C/1999 X3 = 2004 E2 = 2008 K10

C/2004 E2 was found by me on 2004 March 12 in realtime C2 images 08:06 - 10:30 UTC. It was confirmed by Karl Battams on March 15 as SOHO-746. MPEC 2004-M42 was issued 2004 June 23 with the official designation C/2004 E2 and these orbital elements:

Designation T q e peri node incl L B
C/2004 E2 2004 Mar. 12.75 0.0132 1.0 116.09 322.84 11.67 79.4 +10.5

C/1999 X3 was found by Hua Su on 2006 May 26 in archival C2 images of 1999 December 12 13:31 - 16:06 UTC. Karl Battams noted: "Hua Su's non-group comet looks good to me -- well done!! It is fairly small and condensed, and looks to be brightening as it reaches the edge of the image. I would guess at maybe mag 7.5 - 8.0. I think it is too small for C3, but I will check next week.". Later (IAUC 8982, 2008 September 26) the comet was described as "being near the limit of visibility in C2 images". The comet received SOHO number 1057 on May 31. MPEC 2006-L20 was issued 2006 June 02 with the official designation C/1999 X3 and these orbital elements:

Designation T q e peri node incl L B
C/1999 X3 1999 Dec. 12.67 0.0809 1.0 342.97 299.58 7.22 282.7 -2.1

Nothing indicated that both comets could be identical.

C/2008 K10 was found by me on 2008 May 31 in C2 images of May 30/31 23:06 - 00:54 UTC. It was confirmed by Karl Battams on June 13 as SOHO-1483 and described as "small and stellar in appearance (mag 7-7.5, brightening as it left the C2 field-of-view but never appeared in C3)" (IAUC 8982, 2008 September 26). MPEC 2008-O16 was issued 2008 July 22 with the official designation C/2008 K10 and these orbital elements:

Designation T q e peri node incl L B
C/2008 K10 2008 May 31.23 0.0448 1.0 342.34 346.34 172.50 3.9 -2.3

After I had found C/2001 D1 = 2004 X7 = 2008 S2, I searched for other unrecognized identities among the non-group comets. I looked for comets with low inclinations, short observational arcs and similar time intervalls between their perihelion passages. I found C/199X3, 2004 E2 and 2008 K10 on September 24. The orbital solution converged rapidly with small residuals (RMS = 9.6") and I sent my solution to Brian Marsden at 21:11 UTC. Less than two hours later MPEC 2008-S49 appeared with the identification and these orbital elements:

Designation T q e peri node incl L B
C/1999 X3 1999 Dec. 12.88 0.0522 0.9801 353.24 323.87 6.07 317.1 -0.7
C/2004 E2 2004 Mar. 12.33 0.0484 0.9815 353.57 323.68 6.23 317.3 -0.7
C/2008 K10 2008 May 31.33 0.0480 0.9816 353.61 323.66 6.26 317.3 -0.7

Brian Marsden noted that "The object passed 0.058 AU from the earth on 2000 Jan. 13, 0.032 AU from Mars on 2004 May 19 and 1.17 AU from Jupiter on 2003 Feb. 1.".

At the apparitions in 1999 and 2004 the object passed behind the sun with phase angles of 21 - 31 degree (1999) and 35 - 20 degree (2004), while in 2008 it passed in front of the sun with phase angles of 162 - 147 degree. With the model of the phase dependence of coma brightness due to dust from Marcus as used by Matthew Knight in his thesis with a dust-to-gas ratio of 0.16 for the C2 orange filter the correction to a normalized phase angle of 90 degree is 2.7 - 1.2 magnitudes for C/2008 K10 and amounts to less than mag 0.05 for C/1999 X3 and C/2004 E2.
The descriptions of brightness for C/1999 X3 are a bit discordant and there is none for C/2004 E2, so I have measured all images of the three apparitions:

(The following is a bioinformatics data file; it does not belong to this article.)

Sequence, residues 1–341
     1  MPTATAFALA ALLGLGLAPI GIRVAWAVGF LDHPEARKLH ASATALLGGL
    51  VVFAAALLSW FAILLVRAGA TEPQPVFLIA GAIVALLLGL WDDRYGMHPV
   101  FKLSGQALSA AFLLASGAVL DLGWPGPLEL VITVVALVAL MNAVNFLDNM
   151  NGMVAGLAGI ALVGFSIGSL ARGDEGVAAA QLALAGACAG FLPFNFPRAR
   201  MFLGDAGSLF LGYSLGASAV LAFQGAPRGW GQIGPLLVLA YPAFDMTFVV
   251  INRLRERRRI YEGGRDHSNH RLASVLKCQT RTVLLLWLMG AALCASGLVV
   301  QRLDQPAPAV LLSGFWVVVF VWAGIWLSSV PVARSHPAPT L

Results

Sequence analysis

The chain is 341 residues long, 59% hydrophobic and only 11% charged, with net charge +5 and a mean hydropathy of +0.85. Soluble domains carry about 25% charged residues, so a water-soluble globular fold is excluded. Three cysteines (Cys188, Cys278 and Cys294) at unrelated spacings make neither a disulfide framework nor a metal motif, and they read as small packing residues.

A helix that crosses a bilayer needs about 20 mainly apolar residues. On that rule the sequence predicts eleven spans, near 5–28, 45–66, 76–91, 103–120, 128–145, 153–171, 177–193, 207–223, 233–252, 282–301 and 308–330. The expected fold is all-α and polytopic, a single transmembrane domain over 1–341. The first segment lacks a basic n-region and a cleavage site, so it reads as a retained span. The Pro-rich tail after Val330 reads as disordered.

My measurements for C/1999 X3 (black dots), 2004 E2 (blue), 2008 K10 (red) without the correction for phase.
C/2008 K10 appears to be a small amount brighter than C/1999 X3. This agrees well with Karl Battam's first statement about the brightnes of C/1999 X3 (maybe mag 7.5 - 8.0) compared with that for C/2008 K10 (mag 7-7.5), which makes C/2008 K10 about mag 0.5 brighter than C/1999 X3.


Same as before, but C/2008 K10 corrected for phase with a dust-to-gas ratio of 0.16

Matthew Knight has noted in his thesis the possibility that the phase correction is too severe for the Marsden (and most likely Kracht) comets and that a larger fraction of the observed light for these comets may come from the gas in the coma, likely sodium. This could apply to other non-Kreutz comets. With a dust-to-gas ratio of 0.05 the light curve of C/2008 K10 looks like this:


Same as before, but C/2008 K10 corrected for phase with a dust-to-gas ratio of 0.05


Same as before, but C/2008 K10 corrected for phase with a dust-to-gas ratio of 0.02

From the limited data used and my brightness measurements it seems that this comet has indeed a very low dust-to-gas ratio. But it is possible that the Marcus model is overcorrecting at large (>150 deg) phase angles (footnote to C/2000 C3, C4, C7 in appendix C of Knight's thesis). As C/2008 K10 was observed at phase angles of 162.4 to 147.4 degree, the true dust-to-gas ratio could be greater than indicated by the light curves above.

Rainer Kracht, 2008 February 20

The Return of 2012

The comet was found again by Peiyuan Sun on 2012 August 20 in LASCO C2 images. As an already known comet it did not receive a SOHO number. 32 positions were measured by Karl Battams in 2015 May and they were published with a pure gravitational solution on MPEC 2015-K01. My best fit for the observations 1999 - 2012 uses a smal nongravitational parameter: A2 = -0.0003. Orbital elements from this solution:

Designation T q e peri node incl L B Earth MOID
P/1999 X3 1999 Dec. 12.88 0.0520 0.9802 353.02 324.10 6.07 317.2 -0.7 0.0305
P/2004 E2 2004 Mar. 12.34 0.0482 0.9815 353.36 323.90 6.24 317.3 -0.7 0.0303
P/2008 K10 2008 May 31.36 0.0478 0.9817 353.40 323.87 6.27 317.3 -0.7 0.0304
P/2012 Q2 2012 Aug. 20.22 0.0484 0.9802 353.37 323.89 6.23 317.3 -0.7 0.0304
P/2016 2016 Nov. 23.9 0.0395 0.9847 353.10 324.26 5.36 317.4 -0.6 0.0222

There was a close approach to Jupiter with 0.272 au on 2015 February 12.

Rainer Kracht, 2015 May 21